Wednesday, August 8, 2012

1 Thessalonians 4:13-18; Turning the Rapture on its Head!

     13 Now we don’t want you to be ignorant, brothers and sisters, concerning the ones who are asleep, so that you won’t grieve as the rest who have no hope.  14 For since we believe that Jesus died and rose up, in this way also God will bring, through Jesus, the ones who have fallen asleep with him.
     15 For we say this to you by the word of the Lord, that we, the ones who are living, the ones who are remaining, will certainly not precede the ones who have fallen asleep until the coming of the Lord; 16 because the Lord himself will come down from heaven with a command by the voice of the Archangel and by the trumpet of God, and the dead in the Anointed One will rise up first, 17 then we, the ones who are living, the ones who remain, will be seized at the same time with them in the clouds for the meeting of the Lord in the air, and thus we will be with the Lord always.  18 Therefore, comfort one another with these words. (My Translation)

This is perhaps one of the most read and anticipated passages in the NT.  It is also one of the most misinterpreted passages in the NT.  We are going to look at a couple of phrases, namely the end of verse 16 and verse 17.

Verse 16

The final phrase in this verse is καὶ οἱ νεκροὶ ἐν Χριστῷ ἀναστήσονται πρῶτον (and the dead in Christ/the Anointed One will rise up first).  The Greek verb here is ἀνίστημι and was also seen in verse 14 to refer to Jesus’ resurrection.  Most people believe that “the dead in Christ” actually rise up into the air first, but that’s not what happens.  The dead resurrect.  ἀνίστημι is the cognate verb of ἀνάστασις which means “resurrection”.  Perhaps better rendering would be “and the dead in Christ will resurrect first”.

Verse 17

After the dead are resurrected, they and the living are seized at the same time for the meeting of the Lord.  Most translations render εἰς ἀπάντησιν τοῦ κυρίου as “to meet the Lord”, but this is a prepositional phrase as opposed to an infinitive verb.  Therefore, the proper rendering of the prepositional phrase is “for the meeting of the Lord”.  ἀπάντησις is only used here and in two other places in the NT; Matthew 25:6 and Acts 28:15.  Matthew 25:6 describes the meeting of the bridegroom and the ten wise and the ten foolish virgins.  Acts 28:15, on the other hand, describes how the brothers and the sisters in the Roman Church went out to meet Paul in order to escort him into the city; ἦλθαν εἰς ἀπάντησιν (they came for the meeting).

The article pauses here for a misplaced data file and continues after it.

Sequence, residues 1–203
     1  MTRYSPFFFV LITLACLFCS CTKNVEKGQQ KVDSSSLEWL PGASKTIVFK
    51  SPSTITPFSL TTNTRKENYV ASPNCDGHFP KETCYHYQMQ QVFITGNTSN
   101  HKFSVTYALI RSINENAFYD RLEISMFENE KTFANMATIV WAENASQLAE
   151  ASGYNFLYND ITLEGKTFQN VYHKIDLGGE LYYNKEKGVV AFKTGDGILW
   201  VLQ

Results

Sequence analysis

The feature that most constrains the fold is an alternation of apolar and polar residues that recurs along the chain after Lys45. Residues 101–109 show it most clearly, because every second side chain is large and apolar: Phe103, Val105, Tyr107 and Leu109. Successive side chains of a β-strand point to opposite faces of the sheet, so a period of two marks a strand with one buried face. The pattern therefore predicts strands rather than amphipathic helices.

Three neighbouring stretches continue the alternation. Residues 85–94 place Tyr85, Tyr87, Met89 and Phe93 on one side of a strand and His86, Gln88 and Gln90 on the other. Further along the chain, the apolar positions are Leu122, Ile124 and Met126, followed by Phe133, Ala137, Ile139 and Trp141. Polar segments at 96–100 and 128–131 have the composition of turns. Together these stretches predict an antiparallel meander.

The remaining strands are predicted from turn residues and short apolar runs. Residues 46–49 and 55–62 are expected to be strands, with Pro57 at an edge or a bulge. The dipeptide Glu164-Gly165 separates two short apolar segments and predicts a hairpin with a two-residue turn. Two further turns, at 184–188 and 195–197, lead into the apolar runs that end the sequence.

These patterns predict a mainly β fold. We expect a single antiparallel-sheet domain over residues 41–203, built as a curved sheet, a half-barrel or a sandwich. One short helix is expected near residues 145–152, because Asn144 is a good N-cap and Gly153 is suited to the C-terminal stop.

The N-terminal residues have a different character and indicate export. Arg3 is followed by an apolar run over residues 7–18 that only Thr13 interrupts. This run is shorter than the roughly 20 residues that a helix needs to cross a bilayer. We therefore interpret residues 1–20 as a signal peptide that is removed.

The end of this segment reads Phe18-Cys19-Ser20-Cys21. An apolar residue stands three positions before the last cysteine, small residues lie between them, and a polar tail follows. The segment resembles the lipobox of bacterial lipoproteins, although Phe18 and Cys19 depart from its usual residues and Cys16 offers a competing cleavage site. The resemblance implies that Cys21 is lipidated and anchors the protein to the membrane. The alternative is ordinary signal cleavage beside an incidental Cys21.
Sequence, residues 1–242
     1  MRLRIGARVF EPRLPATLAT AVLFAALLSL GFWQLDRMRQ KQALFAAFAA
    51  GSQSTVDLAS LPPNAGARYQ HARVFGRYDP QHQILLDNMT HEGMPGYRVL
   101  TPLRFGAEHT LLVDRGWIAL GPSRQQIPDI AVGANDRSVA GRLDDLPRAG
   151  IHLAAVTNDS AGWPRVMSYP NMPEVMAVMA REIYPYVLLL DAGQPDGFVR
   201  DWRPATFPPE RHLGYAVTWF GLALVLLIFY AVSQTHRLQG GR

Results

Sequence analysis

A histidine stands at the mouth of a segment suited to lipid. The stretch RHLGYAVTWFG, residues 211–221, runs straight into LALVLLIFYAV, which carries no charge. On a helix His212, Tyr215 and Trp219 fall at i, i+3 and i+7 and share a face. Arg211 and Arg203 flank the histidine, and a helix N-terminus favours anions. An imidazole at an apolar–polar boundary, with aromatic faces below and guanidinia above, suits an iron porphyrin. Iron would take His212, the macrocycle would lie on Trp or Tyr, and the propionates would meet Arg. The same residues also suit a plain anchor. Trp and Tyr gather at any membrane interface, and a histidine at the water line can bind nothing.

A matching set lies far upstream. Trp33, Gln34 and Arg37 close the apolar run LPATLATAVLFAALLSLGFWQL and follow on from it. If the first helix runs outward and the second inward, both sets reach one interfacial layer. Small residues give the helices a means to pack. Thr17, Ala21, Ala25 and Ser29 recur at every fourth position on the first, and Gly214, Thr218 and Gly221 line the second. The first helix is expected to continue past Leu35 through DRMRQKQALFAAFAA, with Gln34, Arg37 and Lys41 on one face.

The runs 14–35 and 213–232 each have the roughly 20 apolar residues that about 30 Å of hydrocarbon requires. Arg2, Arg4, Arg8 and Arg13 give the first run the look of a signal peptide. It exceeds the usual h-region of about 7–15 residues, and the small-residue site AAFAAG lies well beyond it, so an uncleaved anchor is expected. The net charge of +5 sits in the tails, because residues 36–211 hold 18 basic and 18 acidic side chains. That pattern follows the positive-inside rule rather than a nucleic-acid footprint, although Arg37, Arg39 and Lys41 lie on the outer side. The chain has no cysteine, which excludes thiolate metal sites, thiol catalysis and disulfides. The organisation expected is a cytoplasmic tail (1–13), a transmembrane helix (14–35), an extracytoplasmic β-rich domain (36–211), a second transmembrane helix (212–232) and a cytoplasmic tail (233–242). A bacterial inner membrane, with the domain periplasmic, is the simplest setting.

In the Greek world, εἰς ἀπάντησιν was a technical term “for a civic custom of antiquity whereby a public welcome was accorded by a city to important visitors” (Kittel, Volume I, 380-381).  Some scholars state that  there is no indication that Paul is using that meaning here.  But what is interesting is the fact that this phrase, εἰς ἀπάντησιν, is used in this technical way in both Matthew 25:6 and Acts 28:15.  In both passages, after the meeting, the both the bridegroom and Paul are escorted somewhere.  The Bridegroom is escorted to the wedding hall which Paul is escorted into Rome.  If Paul’s use of the phrase is the same, then that turns the idea of a “rapture” on its head as the living and the resurrected dead were to meet Jesus in the clouds and in the air in other to escort him back to earth!  As Leon Morris says “It seems that the Lord proceeds to the earth with his people (cf. 1 Cor. 6:2)” (Morris, TNTC, 91).

The final phrase is καὶ οὕτως πάντοτε σὺν κυρίῳ ἐσόμεθα (and thus we will be with the Lord always/at all times).  It should be noted that Paul doesn’t give us a geographical location (because it is inferred?) for where the living and the resurrected dead will be “with the Lord always”.  The main reason for this has to do with why Paul wrote the teaching to the Thessalonians in the first place; to encourage them about their dead brothers and sisters.  

With that said, perhaps we should look at the coming of Christ from the standpoint of the Thessalonians’ language and customs.  There is no doubt that they would have understood the technical term εἰς ἀπάντησιν (for the meeting) as is was used constantly in their time.  From my prospective, they would see this event as Jesus’ coming as he is, the King and the Lord.  They would also understand that “the meeting” was for them to escort him back to earth.  Therefore it is on earth where, “we will be with the Lord always”.

1 comment:

  1. I love it! Russell you did it again! Thank you.